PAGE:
Meaning: When, like the tortoise which withdraws its limbs from all sides, one withdraws the senses from the sense-objects then one's wisdom becomes steady.[5]

The word Pratyahara is also widely used in Yoga and Tantra literature to describe a special system of using the breath for withdrawal of the senses. These breathing practices do not come under Pranayama. The breath is used only as a pretext for connecting with the Vayu (the flow principle) in the Pranamaya Kosha. When the flow principle is channelised then it begins to touch the Manomaya Kosha and all the sensations and experiences of the senses, that were being carried along with the flow principle are merged into the becalmed mind.[6]

योगोपनिषत्सु प्रत्याहारः ॥ Pratyahara in Yogopanishads

A group of 20 Upanishads amongst the 108 Upanishads enlisted in the Muktikopnishad are designated as Yogopanishads[7] as they delineate Yoga darshana as part of their subject-matter. Consequently, expositions on Pratyahara, a vital limb of the Ashtanga Yoga Darshana, feature in these Upanishads. Some such explanations of the term Pratyahara from select Yogopanishads are enlisted below.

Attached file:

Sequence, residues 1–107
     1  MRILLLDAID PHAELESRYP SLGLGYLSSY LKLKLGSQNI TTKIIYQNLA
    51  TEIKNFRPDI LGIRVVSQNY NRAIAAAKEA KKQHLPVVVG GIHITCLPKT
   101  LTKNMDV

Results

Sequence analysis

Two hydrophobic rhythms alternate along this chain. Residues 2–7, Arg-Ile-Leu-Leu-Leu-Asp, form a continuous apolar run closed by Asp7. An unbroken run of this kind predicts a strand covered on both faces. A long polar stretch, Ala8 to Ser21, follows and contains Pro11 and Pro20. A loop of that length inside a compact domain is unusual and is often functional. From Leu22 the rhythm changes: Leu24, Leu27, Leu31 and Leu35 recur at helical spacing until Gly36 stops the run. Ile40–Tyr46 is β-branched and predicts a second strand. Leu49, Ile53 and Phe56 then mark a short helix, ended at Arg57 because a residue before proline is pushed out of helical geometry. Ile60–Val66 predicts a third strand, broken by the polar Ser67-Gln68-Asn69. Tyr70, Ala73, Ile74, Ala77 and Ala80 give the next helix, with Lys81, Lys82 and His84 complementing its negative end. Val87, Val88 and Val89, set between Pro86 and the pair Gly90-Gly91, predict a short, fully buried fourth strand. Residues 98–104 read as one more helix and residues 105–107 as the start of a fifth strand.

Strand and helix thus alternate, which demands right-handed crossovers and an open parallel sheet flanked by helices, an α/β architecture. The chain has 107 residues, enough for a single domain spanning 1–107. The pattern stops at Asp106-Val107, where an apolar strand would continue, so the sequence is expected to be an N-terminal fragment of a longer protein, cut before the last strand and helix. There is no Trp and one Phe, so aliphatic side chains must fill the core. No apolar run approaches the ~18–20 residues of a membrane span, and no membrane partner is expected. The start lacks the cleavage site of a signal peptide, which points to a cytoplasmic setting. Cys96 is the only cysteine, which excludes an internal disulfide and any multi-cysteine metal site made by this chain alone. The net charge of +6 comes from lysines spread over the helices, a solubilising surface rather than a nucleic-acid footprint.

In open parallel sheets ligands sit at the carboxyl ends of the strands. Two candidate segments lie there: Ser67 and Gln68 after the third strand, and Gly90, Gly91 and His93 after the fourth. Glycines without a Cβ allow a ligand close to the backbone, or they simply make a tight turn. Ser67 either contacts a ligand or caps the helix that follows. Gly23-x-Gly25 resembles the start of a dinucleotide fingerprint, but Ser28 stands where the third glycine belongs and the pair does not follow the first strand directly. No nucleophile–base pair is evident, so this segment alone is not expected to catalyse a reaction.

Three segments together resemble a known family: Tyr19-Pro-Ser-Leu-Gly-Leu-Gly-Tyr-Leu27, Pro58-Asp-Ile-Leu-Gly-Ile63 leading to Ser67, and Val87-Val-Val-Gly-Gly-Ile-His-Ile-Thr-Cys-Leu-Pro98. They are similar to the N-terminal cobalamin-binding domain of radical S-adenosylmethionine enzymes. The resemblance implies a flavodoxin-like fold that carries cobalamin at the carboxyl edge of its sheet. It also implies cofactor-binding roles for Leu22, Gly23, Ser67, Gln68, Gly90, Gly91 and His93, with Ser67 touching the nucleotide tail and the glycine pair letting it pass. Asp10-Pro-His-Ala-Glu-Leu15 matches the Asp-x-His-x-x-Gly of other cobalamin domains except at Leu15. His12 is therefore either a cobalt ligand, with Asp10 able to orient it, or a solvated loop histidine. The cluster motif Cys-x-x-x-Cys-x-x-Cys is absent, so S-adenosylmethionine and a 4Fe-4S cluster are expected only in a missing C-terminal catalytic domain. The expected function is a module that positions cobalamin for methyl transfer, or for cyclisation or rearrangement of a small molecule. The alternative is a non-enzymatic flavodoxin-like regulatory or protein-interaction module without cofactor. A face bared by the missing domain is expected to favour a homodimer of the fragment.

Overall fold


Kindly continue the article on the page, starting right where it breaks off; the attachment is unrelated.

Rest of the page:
The Trishikhi Brahmana Upanishad describes Pratyahara as an inward-tuned state of mind.[8]

चित्तस्यान्तर्मुखीभावः प्रत्याहारस्तु सत्तम ॥ २.३०॥[9] cittasyāntarmukhībhāvaḥ pratyāhārastu sattama ॥ 2.30॥

Mandala Brahmana Upanishad and Yoga Chudamani Upanishad describe Pratyahara as detachment of senses from their respective sense-objects.[8]

विषयेभ्य इन्द्रियार्थेभ्यो मनोनिरोधनं प्रत्याहारः ॥१.७॥[10] viṣayebhya indriyārthebhyo manonirodhanaṁ pratyāhāraḥ ॥1.7॥

चरतां चक्षुरादीनां विषयेषु यथाक्रमम् । यत्प्रत्याहरणं तेषां प्रत्याहरः स उच्यते ॥ १२०॥[11]

caratāṁ cakṣurādīnāṁ viṣayeṣu yathākramam । yatpratyāharaṇaṁ teṣāṁ pratyāharaḥ sa ucyate ॥ 120॥

The Tejo Bindu Upanishad describes Pratyahara as that pleasant state of the mind that is achieved when one observes the atman in the sense-objects and states that it should be practised repeatedly.[7]

विषयेष्वात्मतां दृष्ट्वा मनसश्चित्तरञ्जकम् । प्रत्याहारः स विज्ञेयोऽभ्यसनीयो मुहुर्मुहुः ॥ ३४ ॥[12] viṣayeṣvātmatāṁ dr̥ṣṭvā manasaścittarañjakam । pratyāhāraḥ sa vijñeyo'bhyasanīyo muhurmuhuḥ ॥ 34 ॥

The Shandilya Upanishad describes Pratyahara in a fivefold manner as follows:

  • Forcible withdrawal of the sense organs from the objects of sensual pleasures with which they interact.
  • Looking upon everything one sees as atman, the true self.
  • Giving up the desires to attain the fruits of one’s actions.
  • Turning one’s attentions away from all material things and thoughts.